Here's a simple way to understand the situation.
The far right -parties and the moderate left -parties are each likely to get roughly the same number of seats that they received in the 1999 election. The difference is that in 1999 the rightist parties divided their vote among three parties and today have largely united into one. The moderate left in 1999 gave their votes mainly to one party and now are dividing it among four.
Rubin discusses some of the themes pushed by those running against Netanyahu -- and why they won't work:
- Bibi is for the rich.
- Bibi will get you killed.
- Bibi doesn’t want your vote.
- Livni’s ad
- The choice of photograph by former Prime Minister Tsipi Livni
Netanyahu is expected to win, handily
The response from the international stage is to interpret Netanyahu's victory as the death knell for the two-state solution peace process.
To this convenient interpretation, Rubin responds:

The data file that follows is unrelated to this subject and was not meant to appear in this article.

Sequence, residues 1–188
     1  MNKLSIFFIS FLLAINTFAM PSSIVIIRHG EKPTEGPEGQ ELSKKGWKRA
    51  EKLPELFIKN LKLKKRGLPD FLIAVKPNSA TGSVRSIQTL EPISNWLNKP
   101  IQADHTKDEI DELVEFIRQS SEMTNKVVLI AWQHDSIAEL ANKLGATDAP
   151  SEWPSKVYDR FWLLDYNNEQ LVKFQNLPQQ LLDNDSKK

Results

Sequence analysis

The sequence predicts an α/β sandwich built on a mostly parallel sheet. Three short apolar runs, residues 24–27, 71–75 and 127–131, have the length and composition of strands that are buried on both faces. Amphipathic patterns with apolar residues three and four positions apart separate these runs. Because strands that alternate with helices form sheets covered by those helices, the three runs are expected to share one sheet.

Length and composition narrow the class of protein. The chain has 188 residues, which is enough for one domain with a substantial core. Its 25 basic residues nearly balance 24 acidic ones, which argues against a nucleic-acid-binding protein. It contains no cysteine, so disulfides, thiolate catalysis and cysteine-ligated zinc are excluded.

Yet Netanyahu’s impending victory has nothing to do with any shift on that issue. Rather, it is due to the fact that the prime minister has done a reasonably good job, the economy is okay, terrorism is low, he’s kept out of trouble, and has shown he can be trusted to preserve security. Moreover, there is no very attractive figure, unity, or single impressive party on the other side. Given this situation, Netanyahu’s victory--meaning his party will come in first and he will form the next government--is a no-brainer.Read the whole thing.
If you found this post interesting or informative, please it below. Thanks!